Curiosity may have been on the surface of Mars for over a year, but ESA’s Mars Express has been in orbit around the Red Planet for almost a decade. It’s one of a number of ways Mars is being observed, up close and personal. And, like the Hi-RISE camera on Nasa’s Mars Reconnaissance Orbiter, Mars Express has some specialised instruments on-board for that purpose. Among them is the High Resolution Stereo Camera (HRSC). The stunning 3D images in this video were taken by that camera. The video was released by the DLR German Aerospace Center in June this year to celebrate the tenth anniversary of the launch of the Mars Express orbiter in 2003. Again, I recommend “full screen” mode. Video via ESA on YouTube. [Images Credit: ESA / DLR / FU Berlin (G. Neukum)]
From the accompanying text
From the highest volcano to the deepest canyon, from impact craters to ancient river beds and lava flows, this showcase of images from ESA’s Mars Express takes you on an unforgettable journey across the Red Planet.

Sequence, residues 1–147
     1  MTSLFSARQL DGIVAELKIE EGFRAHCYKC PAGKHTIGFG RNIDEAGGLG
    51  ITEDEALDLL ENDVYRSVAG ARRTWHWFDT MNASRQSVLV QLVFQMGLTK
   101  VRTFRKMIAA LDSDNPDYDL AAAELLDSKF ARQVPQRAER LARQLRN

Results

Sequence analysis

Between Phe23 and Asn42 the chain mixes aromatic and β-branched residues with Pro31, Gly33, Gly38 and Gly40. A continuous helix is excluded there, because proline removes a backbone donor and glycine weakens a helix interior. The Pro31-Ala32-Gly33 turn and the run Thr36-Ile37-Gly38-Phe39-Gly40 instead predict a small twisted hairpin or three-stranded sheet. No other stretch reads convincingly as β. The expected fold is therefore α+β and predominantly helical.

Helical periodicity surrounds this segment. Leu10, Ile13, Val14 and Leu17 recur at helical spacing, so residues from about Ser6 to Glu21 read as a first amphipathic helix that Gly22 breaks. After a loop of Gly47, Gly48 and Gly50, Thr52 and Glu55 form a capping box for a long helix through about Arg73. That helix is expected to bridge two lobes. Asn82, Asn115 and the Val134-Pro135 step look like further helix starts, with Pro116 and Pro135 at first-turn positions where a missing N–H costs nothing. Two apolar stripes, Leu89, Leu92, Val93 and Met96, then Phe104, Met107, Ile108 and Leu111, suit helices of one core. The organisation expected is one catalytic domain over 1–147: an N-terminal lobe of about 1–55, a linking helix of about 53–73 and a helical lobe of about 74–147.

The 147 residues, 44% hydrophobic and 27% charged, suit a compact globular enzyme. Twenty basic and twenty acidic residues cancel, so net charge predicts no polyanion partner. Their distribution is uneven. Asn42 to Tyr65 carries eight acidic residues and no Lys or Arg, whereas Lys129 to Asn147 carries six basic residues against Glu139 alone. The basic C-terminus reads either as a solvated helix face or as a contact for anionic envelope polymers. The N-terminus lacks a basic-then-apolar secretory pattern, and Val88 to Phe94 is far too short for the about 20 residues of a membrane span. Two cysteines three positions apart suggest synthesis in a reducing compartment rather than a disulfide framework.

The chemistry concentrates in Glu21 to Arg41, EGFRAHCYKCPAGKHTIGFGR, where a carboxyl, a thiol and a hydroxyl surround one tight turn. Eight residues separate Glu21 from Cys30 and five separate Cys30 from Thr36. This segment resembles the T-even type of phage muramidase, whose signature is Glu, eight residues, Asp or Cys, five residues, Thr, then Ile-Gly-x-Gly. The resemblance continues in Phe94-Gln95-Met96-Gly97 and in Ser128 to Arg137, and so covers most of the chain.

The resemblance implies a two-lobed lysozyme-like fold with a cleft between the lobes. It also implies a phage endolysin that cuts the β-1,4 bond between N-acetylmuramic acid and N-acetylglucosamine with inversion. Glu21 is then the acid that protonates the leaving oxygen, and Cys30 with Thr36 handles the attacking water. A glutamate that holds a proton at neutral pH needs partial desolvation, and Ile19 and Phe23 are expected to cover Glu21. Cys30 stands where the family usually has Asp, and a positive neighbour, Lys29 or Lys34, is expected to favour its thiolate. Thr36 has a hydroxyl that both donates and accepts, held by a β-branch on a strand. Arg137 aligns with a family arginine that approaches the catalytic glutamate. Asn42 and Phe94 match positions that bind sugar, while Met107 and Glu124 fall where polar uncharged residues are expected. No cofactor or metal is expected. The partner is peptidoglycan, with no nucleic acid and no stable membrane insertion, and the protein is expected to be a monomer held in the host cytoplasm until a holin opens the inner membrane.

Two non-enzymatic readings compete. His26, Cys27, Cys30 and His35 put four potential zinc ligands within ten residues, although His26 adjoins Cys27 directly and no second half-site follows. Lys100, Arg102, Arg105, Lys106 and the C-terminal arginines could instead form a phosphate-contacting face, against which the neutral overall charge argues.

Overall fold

Mars Express was launched on 2 June 2003 and arrived at Mars six-and-a-half months later. It has since orbited the planet nearly 12,500 times, providing scientists with unprecedented images and data collected by its suite of scientific instruments.
The data have been used to create an almost global digital topographic model of the surface, providing a unique visualisation and enabling researchers to acquire new and surprising information about the evolution of the Red Planet.
The images in this movie were taken by the High Resolution Stereo Camera and the video was released by the DLR German Aerospace Center as part of the ten years of Mars Express celebrations in June 2013. The music has been created by Stephan Elgner of DLR’s Mars Express planetary cartography team. DLR developed and is operating the stereo camera.
At which point you might want to take another look at Time-lapse Earth… Remember, “full screen” mode.
Music: “Manhatta” composed and performed by The Cinematic Orchestra. (All rights reserved to their respective owners.)
Film clips collected and edited by Bruce Berry.
Images courtesy of the Image Science & Analysis Laboratory, NASA Johnson Space Center and The Gateway to Astronaut Photography of Earth.